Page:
Massey v. StephensAnnotate this Case
113 Ga. App. 10 (1966)
147 S.E.2d 53
MASSEY v. STEPHENS.
Court of Appeals of Georgia.
Submitted January 11, 1966.
Decided January 19, 1966.
L. B. Kent, for appellant.
*12 Hatcher, Stubbs, Land & Rothschild, J. Rudolph Jones, for appellee.
This was a suit to recover a judgment for damages allegedly sustained by the plaintiff when his pickup truck was struck from the rear by a "family-purpose car" operated by the defendant's stepdaughter. The jury returned a verdict for the plaintiff in the amount of $1,350; and the plaintiff being dissatisfied with such verdict, appealed to this court from the judgment entered thereon, enumerating as error, (1) the trial court's refusal to allow the investigating *11 police officer to testify as to his opinion of the speed of the defendant's vehicle, and (2) the court's charge on the doctrine of comparative negligence. Held:
1. The uncontradicted evidence adduced on the trial of this case disclosed that the plaintiff had come to a complete stop in a line of traffic at an intersection in obedience to a traffic light and that after his vehicle had been at rest for approximately 20 seconds, it was struck in the rear by the defendant's automobile. While the defendant had alleged in his answer to the petition that the sole proximate cause of the collision was the act of the plaintiff in bringing his vehicle to a sudden and abrupt stop without warning, signal or notice of any kind, no evidence whatsoever was introduced in support of this contention, nor was there any evidence adduced on the trial of this case which would have authorized a finding that the plaintiff was negligent in any manner in bringing his vehicle to a stop.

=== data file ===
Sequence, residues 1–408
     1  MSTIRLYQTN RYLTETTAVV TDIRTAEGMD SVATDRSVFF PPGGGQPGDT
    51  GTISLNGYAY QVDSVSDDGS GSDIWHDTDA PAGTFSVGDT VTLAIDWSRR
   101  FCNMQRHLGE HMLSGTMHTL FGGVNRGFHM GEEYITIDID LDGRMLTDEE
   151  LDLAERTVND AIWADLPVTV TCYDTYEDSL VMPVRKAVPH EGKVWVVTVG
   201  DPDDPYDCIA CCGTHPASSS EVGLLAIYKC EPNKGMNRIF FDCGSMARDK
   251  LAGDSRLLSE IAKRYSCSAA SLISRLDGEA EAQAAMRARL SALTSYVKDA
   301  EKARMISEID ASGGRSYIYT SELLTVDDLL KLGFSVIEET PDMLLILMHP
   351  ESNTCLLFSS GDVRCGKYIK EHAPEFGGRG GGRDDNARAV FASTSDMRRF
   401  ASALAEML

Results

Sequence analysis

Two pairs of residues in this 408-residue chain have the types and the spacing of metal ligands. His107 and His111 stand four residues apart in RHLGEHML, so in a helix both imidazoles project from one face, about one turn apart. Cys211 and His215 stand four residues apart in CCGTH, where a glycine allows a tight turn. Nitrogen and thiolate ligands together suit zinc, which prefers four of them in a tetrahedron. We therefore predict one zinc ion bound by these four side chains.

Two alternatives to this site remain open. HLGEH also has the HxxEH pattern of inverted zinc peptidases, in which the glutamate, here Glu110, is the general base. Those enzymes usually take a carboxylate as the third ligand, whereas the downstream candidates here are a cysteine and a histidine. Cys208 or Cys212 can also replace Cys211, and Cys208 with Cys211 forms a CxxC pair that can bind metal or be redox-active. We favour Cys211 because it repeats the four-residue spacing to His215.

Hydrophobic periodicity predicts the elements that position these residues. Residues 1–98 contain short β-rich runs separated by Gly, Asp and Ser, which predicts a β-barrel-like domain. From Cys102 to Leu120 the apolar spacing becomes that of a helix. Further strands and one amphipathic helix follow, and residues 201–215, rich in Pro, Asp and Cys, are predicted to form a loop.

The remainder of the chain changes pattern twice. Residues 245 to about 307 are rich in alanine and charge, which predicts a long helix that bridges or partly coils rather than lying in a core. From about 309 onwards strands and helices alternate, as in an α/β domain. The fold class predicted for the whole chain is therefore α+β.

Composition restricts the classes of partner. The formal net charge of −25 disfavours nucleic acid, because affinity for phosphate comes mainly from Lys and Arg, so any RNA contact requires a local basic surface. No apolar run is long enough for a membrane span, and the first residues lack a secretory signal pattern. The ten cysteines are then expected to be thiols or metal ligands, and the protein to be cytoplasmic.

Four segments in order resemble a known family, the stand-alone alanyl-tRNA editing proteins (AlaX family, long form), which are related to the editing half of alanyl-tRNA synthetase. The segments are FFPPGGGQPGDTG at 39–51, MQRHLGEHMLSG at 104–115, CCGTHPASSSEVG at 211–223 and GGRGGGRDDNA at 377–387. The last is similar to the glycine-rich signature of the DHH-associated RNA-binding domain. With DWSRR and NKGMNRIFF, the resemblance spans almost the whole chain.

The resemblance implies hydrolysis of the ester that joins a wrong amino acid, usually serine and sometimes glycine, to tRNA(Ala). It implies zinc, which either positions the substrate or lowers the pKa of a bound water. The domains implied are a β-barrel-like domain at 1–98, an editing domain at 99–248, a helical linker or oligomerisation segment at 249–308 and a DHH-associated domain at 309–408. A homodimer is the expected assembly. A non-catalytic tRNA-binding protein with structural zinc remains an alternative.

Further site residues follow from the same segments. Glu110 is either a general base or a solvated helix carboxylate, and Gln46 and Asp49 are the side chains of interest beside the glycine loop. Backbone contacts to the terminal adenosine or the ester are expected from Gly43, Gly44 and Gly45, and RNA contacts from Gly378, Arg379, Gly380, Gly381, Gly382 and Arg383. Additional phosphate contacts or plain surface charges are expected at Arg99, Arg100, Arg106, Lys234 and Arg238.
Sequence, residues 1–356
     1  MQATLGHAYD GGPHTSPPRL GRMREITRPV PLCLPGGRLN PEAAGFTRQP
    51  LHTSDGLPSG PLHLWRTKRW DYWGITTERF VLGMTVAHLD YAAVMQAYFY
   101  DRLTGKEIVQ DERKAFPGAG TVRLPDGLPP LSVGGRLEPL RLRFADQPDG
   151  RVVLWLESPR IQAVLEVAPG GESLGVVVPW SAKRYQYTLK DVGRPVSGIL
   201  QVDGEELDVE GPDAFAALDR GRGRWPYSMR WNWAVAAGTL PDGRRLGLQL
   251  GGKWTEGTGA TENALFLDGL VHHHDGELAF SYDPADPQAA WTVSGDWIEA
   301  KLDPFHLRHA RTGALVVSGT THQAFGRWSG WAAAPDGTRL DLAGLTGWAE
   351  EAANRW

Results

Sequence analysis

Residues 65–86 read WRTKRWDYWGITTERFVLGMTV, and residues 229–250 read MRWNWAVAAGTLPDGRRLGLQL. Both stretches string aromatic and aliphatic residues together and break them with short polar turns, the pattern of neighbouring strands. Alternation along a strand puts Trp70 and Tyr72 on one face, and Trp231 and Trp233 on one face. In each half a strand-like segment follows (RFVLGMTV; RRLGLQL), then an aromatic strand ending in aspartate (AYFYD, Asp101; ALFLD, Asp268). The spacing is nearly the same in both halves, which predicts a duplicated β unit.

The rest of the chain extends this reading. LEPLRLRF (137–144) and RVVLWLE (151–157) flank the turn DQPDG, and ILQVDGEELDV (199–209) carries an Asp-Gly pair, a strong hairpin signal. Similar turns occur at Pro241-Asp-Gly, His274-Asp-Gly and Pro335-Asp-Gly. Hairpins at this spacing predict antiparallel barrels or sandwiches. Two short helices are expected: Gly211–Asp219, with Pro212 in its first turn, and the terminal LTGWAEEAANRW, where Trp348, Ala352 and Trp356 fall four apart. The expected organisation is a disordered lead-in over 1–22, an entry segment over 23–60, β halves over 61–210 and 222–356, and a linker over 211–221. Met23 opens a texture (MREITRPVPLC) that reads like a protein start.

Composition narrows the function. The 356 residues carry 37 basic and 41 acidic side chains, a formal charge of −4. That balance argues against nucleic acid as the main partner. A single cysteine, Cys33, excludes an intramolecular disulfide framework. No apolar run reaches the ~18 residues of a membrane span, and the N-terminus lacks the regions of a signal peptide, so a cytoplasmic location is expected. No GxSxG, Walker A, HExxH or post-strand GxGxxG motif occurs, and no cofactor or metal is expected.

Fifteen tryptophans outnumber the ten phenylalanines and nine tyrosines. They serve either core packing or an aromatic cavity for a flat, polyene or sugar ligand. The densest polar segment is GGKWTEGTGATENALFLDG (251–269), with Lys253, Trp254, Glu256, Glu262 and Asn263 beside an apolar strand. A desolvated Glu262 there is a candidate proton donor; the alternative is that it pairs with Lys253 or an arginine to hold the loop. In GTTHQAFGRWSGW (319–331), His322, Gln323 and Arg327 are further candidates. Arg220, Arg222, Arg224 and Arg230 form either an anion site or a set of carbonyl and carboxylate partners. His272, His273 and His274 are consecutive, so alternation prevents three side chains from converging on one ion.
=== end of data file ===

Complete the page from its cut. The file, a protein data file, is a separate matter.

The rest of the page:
Since it is error to charge on the doctrine of comparative negligence when there is no evidence of such negligence even though the issue of same may have been raised in the defendant's pleadings (Beadles v. Bowen, 106 Ga. App. 34, 36 (126 SE2d 254), and cases therein cited), the instruction complained of here was erroneous; and since the verdict rendered by the jury was for an amount less than that sued for, such error was presumptively harmful to the plaintiff and requires the grant of a new trial. Gleason v. Rhodes Center Pharmacy, 94 Ga. App. 439 (1) (95 SE2d 293).
2. The investigating police officer should have been allowed to testify as to his opinion of the speed of the defendant's vehicle at the time of impact based upon the data observed by him after the collision with respect to the damage to the vehicles and debris resulting from the collision. Central Container Corp. v. Westbrook, 105 Ga. App. 855 (4) (126 SE2d 264). Since this case is being reversed on other grounds, it is unnecessary to determine if this error was harmful to the plaintiff.
Judgment reversed. Bell, P. J., and Eberhardt, J., concur.